While seaweeds are officially classified as algae, for the sake of simplicity I will include them as seashore plants.

They contain many minerals in particular iodine as well as vitamins and proteins.

Unfortunately apart from Dulse few can be cooked up as a simple vegetable.

They tend to mostly be used as a favour enhancer, as condiments or in salads.

And they are something of an acquired taste.

Yet they are once again appearing on menus as Japanese cuisine becomes increasingly popular.

Fortunately you don’t have to pay restaurant prices to try them, just walk along a rocky shore as the tide goes out, pick from young growths and try them raw.

As with any wild food it is best to pick only a small amount from each area

Laver is one of the seaweeds found in Japanese cuisine, however, it has also been a long time favourite in Wales.

‘Laverbread’ is, to all intents the Welsh national dish.

Irish Moss, or Carrageen Moss is called Irish as it has been eaten there for centuries.

It is also the plant from which the gelatine used to make ice cream and beer is extracted.

Dulse is used as a snack food, most famously, along with “Yellow Man” at the “Ould Lammas Fair” in Ballycastle, Northern Ireland.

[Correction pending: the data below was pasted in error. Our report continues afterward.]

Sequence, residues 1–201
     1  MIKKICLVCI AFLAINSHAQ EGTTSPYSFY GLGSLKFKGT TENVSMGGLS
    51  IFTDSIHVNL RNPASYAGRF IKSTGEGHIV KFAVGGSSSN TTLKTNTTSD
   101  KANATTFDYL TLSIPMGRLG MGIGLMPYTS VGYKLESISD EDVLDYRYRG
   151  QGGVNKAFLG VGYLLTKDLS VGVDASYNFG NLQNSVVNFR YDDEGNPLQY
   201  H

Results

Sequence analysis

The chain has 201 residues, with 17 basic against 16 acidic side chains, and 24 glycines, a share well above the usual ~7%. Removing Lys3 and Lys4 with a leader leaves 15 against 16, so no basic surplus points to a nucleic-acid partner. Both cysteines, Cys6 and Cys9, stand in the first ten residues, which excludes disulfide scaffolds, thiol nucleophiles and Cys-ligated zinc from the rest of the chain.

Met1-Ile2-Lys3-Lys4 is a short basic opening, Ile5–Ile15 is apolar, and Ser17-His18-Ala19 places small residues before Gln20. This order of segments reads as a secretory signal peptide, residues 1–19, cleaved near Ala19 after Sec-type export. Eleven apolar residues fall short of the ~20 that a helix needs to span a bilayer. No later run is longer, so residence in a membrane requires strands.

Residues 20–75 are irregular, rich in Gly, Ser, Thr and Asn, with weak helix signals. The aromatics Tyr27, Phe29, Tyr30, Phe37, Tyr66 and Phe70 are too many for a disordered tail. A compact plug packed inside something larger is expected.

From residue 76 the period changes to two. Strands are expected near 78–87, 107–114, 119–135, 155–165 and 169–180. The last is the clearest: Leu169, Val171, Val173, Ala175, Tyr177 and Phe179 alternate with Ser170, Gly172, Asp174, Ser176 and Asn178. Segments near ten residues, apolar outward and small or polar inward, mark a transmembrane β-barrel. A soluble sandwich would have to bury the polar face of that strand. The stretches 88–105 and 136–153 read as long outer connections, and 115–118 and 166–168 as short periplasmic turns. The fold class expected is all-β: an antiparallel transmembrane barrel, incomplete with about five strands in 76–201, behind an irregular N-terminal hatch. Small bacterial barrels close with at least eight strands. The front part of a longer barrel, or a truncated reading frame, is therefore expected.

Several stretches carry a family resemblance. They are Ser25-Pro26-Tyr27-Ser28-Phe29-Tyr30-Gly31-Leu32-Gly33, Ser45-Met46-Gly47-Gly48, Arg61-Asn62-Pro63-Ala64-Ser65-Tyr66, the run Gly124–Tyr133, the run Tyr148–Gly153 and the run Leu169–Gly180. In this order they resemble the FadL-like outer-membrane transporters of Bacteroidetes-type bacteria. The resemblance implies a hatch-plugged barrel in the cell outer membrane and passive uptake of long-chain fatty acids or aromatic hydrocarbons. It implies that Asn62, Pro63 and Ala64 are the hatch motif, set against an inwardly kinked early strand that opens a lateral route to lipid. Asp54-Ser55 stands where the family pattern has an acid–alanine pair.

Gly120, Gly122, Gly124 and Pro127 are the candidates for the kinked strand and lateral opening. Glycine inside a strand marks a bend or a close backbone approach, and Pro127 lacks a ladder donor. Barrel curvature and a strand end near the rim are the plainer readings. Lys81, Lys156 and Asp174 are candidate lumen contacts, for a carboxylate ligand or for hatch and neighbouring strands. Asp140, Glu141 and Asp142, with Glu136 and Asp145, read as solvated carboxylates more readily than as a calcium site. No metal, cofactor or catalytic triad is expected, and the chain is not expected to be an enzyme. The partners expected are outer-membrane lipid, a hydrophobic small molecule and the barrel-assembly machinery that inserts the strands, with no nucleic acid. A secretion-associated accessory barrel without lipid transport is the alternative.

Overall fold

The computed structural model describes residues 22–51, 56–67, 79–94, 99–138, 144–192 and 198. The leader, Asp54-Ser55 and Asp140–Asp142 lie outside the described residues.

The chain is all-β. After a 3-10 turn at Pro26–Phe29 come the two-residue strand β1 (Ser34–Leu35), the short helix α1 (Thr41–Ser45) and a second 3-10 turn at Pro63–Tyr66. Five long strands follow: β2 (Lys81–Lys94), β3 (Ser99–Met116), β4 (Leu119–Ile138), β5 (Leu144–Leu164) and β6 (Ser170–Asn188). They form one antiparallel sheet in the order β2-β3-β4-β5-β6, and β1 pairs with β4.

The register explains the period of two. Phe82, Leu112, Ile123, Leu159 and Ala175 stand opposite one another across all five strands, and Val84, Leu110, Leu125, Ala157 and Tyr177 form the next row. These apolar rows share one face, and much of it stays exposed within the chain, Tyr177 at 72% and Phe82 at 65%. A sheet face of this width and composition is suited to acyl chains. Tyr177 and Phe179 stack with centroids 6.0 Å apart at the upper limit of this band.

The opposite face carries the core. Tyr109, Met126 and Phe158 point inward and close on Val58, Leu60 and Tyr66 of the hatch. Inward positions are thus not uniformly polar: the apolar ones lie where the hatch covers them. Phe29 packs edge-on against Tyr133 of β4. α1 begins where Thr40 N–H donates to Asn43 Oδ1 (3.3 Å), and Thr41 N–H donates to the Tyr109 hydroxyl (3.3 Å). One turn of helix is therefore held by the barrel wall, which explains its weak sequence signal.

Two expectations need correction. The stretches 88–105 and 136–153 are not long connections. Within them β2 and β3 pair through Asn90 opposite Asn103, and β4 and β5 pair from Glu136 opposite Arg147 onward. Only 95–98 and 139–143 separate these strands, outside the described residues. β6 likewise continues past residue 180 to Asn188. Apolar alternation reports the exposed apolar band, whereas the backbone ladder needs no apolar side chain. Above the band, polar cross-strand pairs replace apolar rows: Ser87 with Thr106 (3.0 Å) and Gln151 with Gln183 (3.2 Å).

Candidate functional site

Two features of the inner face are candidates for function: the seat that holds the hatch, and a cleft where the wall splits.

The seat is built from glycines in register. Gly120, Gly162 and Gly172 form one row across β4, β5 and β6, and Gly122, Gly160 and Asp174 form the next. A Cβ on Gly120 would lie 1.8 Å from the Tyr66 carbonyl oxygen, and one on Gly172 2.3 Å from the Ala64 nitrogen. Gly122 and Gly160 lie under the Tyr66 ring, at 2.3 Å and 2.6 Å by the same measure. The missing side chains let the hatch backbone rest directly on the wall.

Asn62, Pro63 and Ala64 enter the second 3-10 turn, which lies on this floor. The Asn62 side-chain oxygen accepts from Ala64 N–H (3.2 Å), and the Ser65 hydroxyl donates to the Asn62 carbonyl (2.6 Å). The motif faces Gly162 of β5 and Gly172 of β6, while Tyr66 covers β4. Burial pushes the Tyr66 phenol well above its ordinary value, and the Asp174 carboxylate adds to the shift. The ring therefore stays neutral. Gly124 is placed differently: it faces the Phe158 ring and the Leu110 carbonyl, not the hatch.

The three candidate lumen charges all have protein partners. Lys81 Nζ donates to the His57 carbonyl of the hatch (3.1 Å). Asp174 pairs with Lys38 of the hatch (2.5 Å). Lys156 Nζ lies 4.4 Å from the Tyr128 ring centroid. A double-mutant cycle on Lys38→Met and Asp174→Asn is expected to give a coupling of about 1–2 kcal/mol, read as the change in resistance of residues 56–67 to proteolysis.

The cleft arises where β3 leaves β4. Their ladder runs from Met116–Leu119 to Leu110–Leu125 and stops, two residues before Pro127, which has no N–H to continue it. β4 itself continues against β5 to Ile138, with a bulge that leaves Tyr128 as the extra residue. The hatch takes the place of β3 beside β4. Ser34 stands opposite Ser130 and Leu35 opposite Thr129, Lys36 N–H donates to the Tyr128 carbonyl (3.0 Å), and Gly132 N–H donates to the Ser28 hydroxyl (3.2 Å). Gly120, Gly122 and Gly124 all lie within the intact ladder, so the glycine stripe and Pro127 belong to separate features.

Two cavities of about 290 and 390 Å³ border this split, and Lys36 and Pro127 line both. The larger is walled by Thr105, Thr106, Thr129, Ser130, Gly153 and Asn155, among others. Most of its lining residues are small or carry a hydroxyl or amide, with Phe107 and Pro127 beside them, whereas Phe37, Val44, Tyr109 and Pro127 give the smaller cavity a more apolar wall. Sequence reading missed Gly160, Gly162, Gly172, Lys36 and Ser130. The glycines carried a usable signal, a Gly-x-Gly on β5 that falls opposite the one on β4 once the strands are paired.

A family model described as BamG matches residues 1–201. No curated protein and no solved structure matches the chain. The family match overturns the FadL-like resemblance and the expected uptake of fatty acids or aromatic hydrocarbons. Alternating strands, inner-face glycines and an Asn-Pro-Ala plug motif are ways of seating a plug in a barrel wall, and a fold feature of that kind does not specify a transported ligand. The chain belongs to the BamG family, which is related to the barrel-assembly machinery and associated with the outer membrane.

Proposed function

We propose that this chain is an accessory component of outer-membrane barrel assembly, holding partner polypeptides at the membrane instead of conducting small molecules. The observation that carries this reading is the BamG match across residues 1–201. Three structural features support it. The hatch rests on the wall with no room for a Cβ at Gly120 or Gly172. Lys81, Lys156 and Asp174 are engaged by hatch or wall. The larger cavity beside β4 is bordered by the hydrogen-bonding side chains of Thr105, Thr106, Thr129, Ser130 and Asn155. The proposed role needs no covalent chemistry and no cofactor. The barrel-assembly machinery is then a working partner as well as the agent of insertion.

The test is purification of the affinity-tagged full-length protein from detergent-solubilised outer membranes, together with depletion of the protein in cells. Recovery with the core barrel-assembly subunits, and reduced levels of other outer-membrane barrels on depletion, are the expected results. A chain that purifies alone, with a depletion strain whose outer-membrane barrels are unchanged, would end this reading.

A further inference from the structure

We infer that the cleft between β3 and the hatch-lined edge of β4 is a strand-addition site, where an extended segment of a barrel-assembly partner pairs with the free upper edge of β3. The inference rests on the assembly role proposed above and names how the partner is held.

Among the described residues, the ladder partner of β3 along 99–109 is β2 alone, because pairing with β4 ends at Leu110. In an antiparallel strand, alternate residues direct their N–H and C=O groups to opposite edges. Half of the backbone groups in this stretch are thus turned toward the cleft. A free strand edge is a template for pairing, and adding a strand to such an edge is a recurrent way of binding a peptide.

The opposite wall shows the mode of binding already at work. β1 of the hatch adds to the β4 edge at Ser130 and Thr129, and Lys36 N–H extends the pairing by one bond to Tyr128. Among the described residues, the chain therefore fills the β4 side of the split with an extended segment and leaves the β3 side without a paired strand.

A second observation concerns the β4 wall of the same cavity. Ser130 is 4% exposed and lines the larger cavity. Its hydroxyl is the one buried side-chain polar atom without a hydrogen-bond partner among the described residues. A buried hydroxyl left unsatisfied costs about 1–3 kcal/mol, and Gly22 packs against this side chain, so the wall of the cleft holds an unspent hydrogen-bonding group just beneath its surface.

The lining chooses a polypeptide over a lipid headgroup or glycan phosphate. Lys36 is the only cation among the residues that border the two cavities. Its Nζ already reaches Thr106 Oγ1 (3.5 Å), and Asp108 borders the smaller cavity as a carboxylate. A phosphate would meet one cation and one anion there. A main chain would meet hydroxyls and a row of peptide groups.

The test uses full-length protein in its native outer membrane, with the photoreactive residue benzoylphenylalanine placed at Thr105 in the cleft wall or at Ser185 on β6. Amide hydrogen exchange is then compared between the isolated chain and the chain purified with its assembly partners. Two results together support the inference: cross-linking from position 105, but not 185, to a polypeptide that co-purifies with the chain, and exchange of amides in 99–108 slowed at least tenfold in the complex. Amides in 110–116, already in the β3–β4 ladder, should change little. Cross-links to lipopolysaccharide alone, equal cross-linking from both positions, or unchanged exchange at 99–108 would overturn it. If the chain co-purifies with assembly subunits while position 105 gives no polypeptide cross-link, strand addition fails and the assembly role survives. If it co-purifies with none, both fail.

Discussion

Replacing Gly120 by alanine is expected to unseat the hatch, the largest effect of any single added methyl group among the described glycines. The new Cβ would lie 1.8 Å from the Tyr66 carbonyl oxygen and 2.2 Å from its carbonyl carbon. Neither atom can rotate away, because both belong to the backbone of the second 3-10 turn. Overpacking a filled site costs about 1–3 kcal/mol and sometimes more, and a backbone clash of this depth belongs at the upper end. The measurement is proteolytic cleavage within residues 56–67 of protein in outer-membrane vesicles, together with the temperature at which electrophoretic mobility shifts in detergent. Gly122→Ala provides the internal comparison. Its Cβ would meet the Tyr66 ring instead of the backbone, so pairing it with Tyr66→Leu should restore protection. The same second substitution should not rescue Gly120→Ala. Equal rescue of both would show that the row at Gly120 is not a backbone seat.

Dulse, Palmaria palmate, Dillisk, Ddilsk, Red Dulse, Creathnach or Söl is a rather rubbery seaweed when raw, it becomes much more edible when cooked or dried.

It is also a favoured ingredient in Alaskan native cooking when added to soups and chowders.

Bladder Wrack or Bladderwrack, is the main ingredient in many nutritional products, like many seaweeds it is rich in iodine.

It can be cooked, added to stir-fries or used like laver.

Edible kelp is another excellent and nutritious ingredient to add to chowders, soups, stews, casseroles.

And it can be used to make delicious crisps.

Best to be careful when using seaweeds as flavour enhancers, as some do, unfortunately, taste a bit like medicine, it’s the iodine in them.